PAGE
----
This can be one of the biggest decisions a parent may face when deciding on an appropriate education for their autistic child or young person. 

Here, we talk about what options you may have and give information on what needs to be considered when making this decision. Your child's individual needs should always be the starting point for identifying what type of school they should attend. Where will they be happy, secure and able to reach their full potential?

You know your child better than anyone and are best placed to make this decision. However, you may want to ask professionals that have previously been involved in your child’s education or care for their views. This could be an educational psychologist, speech and language therapist, occupational therapist, inclusion support worker, school special educational needs co-ordinator (SENCO) or support for learning principal or department head.

Options and restrictions

Parents are faced with several options when choosing a school for their child. In addition to mainstream and special schools, some schools have bases or units specifically for autistic children and young people. Depending on their needs, it may also be appropriate to consider residential schools or home education for your child.

There may also be some restrictions. There is a legal duty to ensure that all children are educated in a mainstream setting, except for the following circumstances:

  • a mainstream school would not meet the child’s needs
  • the education of the other children at the school would be affected
  • the placement would be too expensive.

If you live in England, Northern Ireland or Wales your child or young person will usually need a statement of special educational needs or an education, health and care plan to access a placement at a special school. 

Decide what matters to you and your child

To help you decide whether a school will meet your child’s needs you may wish to think about the following factors.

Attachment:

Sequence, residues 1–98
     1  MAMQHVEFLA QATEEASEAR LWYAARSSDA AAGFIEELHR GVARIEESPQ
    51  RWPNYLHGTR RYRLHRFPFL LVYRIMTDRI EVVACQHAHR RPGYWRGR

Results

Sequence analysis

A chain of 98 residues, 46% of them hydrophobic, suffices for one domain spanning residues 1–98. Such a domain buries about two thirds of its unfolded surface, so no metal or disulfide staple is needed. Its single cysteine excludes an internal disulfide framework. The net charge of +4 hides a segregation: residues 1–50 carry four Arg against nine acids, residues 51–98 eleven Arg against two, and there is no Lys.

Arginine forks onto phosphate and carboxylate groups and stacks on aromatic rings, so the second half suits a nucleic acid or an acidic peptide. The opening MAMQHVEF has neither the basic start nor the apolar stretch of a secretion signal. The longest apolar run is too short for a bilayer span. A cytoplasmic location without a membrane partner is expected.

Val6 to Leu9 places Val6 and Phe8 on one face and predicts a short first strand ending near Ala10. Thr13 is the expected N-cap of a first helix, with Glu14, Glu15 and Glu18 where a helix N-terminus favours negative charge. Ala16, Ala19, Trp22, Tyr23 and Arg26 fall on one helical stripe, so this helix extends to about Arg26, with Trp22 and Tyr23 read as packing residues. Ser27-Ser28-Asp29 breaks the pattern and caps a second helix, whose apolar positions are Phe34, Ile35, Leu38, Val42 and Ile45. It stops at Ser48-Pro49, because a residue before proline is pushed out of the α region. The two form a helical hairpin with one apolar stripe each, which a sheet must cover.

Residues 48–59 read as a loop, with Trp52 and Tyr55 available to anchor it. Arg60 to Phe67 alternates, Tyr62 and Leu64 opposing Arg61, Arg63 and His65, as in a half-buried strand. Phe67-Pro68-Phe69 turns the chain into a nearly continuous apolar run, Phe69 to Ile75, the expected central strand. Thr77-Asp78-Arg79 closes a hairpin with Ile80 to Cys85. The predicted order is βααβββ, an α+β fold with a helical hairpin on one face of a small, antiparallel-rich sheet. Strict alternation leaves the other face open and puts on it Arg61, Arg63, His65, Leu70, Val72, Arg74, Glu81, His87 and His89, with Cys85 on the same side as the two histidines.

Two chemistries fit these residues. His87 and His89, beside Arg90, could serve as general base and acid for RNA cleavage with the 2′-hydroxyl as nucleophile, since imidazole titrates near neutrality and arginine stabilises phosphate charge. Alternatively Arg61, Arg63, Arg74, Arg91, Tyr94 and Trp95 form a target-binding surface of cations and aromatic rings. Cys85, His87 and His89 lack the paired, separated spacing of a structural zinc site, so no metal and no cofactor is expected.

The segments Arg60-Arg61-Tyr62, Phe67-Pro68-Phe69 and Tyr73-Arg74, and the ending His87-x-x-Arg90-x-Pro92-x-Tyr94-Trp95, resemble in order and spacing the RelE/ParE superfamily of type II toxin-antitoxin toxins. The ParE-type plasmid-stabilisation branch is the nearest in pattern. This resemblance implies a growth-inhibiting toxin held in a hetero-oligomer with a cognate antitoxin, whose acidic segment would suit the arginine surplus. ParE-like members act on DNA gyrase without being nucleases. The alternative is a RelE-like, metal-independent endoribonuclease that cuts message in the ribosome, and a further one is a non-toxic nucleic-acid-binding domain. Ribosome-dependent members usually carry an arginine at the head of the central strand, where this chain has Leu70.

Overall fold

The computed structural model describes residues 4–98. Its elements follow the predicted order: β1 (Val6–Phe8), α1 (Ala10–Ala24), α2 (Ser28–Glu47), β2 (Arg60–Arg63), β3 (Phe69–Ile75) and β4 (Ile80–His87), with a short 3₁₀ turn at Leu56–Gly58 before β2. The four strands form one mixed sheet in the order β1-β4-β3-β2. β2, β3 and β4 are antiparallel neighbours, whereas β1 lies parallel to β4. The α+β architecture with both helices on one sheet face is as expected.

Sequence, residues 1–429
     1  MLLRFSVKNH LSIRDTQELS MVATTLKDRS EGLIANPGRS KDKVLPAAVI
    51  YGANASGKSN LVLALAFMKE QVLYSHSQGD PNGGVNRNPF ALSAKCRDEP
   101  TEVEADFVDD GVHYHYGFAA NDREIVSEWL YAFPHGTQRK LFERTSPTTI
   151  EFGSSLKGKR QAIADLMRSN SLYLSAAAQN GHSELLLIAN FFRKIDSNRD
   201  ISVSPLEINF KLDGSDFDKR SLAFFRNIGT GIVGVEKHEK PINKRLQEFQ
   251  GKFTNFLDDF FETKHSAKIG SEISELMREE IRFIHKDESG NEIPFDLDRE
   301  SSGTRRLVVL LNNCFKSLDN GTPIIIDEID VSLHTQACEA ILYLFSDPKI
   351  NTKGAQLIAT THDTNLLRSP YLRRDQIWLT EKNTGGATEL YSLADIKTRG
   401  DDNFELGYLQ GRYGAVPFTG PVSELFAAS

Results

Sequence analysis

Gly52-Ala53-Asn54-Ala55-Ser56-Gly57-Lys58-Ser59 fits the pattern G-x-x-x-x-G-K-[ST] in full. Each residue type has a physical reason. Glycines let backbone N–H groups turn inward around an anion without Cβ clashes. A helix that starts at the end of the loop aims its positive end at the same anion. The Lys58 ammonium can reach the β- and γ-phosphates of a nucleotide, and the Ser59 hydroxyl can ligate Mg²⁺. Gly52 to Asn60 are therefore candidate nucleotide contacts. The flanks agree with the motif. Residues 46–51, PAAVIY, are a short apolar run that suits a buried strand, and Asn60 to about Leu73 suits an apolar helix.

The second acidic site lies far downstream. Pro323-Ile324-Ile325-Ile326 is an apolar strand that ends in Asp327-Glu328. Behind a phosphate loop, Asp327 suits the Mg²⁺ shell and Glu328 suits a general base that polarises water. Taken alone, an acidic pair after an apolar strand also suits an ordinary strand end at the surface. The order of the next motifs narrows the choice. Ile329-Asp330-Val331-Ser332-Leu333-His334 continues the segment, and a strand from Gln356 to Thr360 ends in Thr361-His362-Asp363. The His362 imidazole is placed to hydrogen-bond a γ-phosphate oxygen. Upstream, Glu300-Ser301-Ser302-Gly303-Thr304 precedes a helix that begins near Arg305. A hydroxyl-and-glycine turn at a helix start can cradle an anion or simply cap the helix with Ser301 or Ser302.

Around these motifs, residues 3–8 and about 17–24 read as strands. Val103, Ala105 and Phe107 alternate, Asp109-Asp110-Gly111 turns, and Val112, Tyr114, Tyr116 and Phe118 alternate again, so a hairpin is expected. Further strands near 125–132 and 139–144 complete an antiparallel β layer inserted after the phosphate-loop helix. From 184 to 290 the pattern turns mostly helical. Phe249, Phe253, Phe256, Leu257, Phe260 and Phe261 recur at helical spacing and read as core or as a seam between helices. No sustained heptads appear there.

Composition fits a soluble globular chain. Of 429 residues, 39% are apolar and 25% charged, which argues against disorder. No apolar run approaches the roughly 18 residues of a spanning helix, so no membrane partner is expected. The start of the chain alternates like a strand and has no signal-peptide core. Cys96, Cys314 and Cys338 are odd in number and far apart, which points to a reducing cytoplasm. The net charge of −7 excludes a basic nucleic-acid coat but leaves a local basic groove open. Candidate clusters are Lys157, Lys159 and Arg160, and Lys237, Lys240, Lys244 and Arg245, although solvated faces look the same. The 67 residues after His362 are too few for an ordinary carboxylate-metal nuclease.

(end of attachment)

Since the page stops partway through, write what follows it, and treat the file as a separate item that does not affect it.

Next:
Assess to the environment, including the immediate surroundings and the school building. 

Think about your child and consider:

  • how they will react to the layout of the school. Is there bright lighting, excessive noise or other possible sensory triggers
  • will your child be able to cope with the class and group sizes
  • will your child have support in class and during unstructured times like break and lunchtime.

Transport to and from school

Think about whether your child would manage the journey, either with or without support.  They may be eligible for free transport.

Staff experience and understanding

When visiting the school, try to meet with teachers and support staff to discuss your child’s needs. Through this you can gauge: 

  • the depth of the school staff’s knowledge of autism together with what resources and strategies they will use to help your child
  • what access there will be to other professionals, such as therapists
  • how they will meet any health and care needs of your child  
  • whether staff would be able to support any routines, special interests, anxieties, sensory or dietary needs your child may have.

It’s important to ask about communication between staff and how they work with parents.  What is their approach to home-school communication and collaboration?

Learning opportunities

Ask if your child will have access to either a full, reduced or modified curriculum. Will they have the opportunity to learn life skills, achieve qualifications or study subjects of interest? What opportunities will your child have for extracurricular activities, trips and events?

Peer groups

Consider the opportunities your child will have for socialising with children who have similar needs. Will they be able to also be able to mix with neurotypical children? Ask to see the school’s bullying policy and consider what prevention strategies they use. 

There are many more features of a school that will be important but specific to your child. Try asking family and friends to draw up a list of these. This may prove helpful, as people outside of your immediate family may see your child's needs differently and you can compare this with your own thoughts.  

Speak to other parents who have children at the schools you are considering. Inspection reports and any accreditation awards can also help you make a decision.

Further help from our charity

Advice for parents trying to obtain an appropriate education for their child  is available from our Education Rights Service

Last reviewed: 15 March 2016.